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I am heartbroken to write this post.
Last Wednesday, May 23rd, Federal Prosecutor Beranton Whisenant Jr. passed away in Hollywood Beach in Florida. Beranton had just recently left Foley & Mansfield to become a federal prosecutor.
Beranton was only 37.
He spoke at every one of our litigation programs since 2013, no matter how many we had each year. When someone speaks at your programs that often, you get to know them a little and you get to respect them a lot. Beranton was one of those attorneys that was completely dedicated to creating a great presentation and handouts to go along with it. He probably didn’t have the time to do it, as a partner at a major law firm, but he did it anyway.
And just as important, he was incredibly nice, super smart, and always happy when you saw him, no matter how busy.
The attorneys who attendee our programs loved him – always writing wonderful things about him when they let us know what they thought of our course. The other speakers with whom he would share the dias also spoke very highly of him and in fact it was one of those speakers who let me know last Thursday about Beranton’s death.
I very much enjoyed working with Beranton and having him speak at our seminars.
Any time I would shoot an email around to past speakers inviting them to speak at planned, or potential, seminars, Beranton was one of the first to reply with a “sign me up… for all of them” email. And any time I asked speakers for their recommendations for other speakers I should invite – Beranton would send over a list of four to ten possible attorneys or judges for me to invite – in South Florida, Orlando, even Jacksonville – or he’d just invite them himself and introduce us. Many of the attorneys and most of the judges who have spoken at our programs over the past few years were recommended by Beranton.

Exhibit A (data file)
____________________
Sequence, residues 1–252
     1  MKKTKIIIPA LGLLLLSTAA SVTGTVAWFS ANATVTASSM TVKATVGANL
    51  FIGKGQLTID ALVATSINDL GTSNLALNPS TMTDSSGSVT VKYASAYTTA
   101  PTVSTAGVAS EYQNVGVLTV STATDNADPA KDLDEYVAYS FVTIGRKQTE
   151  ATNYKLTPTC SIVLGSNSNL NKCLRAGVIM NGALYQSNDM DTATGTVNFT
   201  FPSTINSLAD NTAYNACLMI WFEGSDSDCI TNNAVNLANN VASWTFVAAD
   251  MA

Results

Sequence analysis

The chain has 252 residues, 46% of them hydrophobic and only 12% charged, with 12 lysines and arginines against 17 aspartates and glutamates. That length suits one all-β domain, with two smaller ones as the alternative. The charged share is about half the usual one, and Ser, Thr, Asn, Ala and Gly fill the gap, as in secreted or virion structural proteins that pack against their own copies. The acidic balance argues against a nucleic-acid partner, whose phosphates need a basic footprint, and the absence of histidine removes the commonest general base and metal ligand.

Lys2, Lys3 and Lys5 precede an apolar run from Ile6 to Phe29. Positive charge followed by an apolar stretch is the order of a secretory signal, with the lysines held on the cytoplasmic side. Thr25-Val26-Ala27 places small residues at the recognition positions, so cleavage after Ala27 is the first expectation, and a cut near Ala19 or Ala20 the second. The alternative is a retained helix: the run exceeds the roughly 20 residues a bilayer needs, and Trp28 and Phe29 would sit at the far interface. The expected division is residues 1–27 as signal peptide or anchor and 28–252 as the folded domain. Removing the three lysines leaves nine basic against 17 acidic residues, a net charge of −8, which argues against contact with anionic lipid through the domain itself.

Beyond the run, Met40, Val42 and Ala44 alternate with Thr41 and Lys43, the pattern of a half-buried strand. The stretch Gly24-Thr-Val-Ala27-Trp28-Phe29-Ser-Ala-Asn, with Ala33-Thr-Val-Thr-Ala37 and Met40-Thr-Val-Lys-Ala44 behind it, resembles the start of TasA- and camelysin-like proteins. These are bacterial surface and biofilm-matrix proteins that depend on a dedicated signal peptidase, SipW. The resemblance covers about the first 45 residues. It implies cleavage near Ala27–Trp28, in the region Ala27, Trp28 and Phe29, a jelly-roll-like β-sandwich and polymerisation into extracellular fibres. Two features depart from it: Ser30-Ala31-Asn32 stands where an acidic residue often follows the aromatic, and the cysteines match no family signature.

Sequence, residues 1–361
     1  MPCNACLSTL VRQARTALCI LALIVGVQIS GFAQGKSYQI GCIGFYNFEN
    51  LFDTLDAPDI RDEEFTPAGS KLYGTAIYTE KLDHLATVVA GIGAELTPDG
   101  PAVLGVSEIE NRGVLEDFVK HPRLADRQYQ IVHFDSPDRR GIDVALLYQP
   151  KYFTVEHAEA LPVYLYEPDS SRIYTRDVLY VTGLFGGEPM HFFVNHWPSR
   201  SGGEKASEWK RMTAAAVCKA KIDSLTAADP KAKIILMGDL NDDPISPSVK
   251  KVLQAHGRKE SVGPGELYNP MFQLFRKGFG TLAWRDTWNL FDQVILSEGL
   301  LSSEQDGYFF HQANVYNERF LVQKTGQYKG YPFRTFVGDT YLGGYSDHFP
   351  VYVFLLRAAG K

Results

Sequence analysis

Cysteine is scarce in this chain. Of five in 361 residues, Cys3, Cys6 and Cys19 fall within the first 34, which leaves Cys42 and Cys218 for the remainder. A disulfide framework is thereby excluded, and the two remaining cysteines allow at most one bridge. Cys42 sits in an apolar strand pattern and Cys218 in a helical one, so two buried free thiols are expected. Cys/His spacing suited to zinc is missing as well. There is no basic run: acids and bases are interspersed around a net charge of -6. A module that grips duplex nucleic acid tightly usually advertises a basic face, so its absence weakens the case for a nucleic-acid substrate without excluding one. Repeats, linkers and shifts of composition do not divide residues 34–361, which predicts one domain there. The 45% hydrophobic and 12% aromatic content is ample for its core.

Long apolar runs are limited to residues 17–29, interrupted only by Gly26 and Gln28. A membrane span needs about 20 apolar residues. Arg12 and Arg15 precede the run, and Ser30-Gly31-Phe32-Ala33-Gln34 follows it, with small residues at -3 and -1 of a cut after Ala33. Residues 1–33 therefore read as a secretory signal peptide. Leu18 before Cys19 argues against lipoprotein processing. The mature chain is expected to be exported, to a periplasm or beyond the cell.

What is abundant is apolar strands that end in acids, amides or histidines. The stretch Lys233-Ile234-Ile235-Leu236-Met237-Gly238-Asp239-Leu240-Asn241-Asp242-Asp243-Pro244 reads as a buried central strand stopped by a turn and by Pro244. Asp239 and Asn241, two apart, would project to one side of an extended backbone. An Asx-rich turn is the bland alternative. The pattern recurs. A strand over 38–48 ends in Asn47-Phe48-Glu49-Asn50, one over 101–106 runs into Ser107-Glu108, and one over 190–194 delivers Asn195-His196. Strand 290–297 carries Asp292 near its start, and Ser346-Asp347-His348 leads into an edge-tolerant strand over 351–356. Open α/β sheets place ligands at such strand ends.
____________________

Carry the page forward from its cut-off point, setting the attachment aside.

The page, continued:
In fact, he sent over so many recommendations, and introduced me to so many people, I finally just created a special folder for the names Beranton shared with me.
Beranton even co-wrote a chapter on Opening Statements in my public speaking for attorneys book.
And he was so involved in various legal committees and groups it seemed like he knew everyone. I was looking forward to him becoming a judge one day and speaking in that capacity as well. He would have made an amazing judge.
We’ve had more than 1500 attorneys and judges speak at our programs over the past 13 years, and some of them make such a positive impression that everyone they meet has great things to say about them – – my audio recording guy, my on-site East Coast representative, the person who puts together my speaker lists and emails, and all of the speakers who interact with them, not to mention those who attended our programs as I mentioned above.
All of my staff, and most of the outside folks I use to make a seminar happen, know of and remember Beranton and all were shocked and saddened to hear about his death. Our hearts go out to his family.
An obituary can be found at this link. He is survived by his wife, Ebony, and three young children.
I don’t even know how to end this post, only to say goodbye Beranton.
You were too young to die and you were well loved by everyone in my office. I will miss you.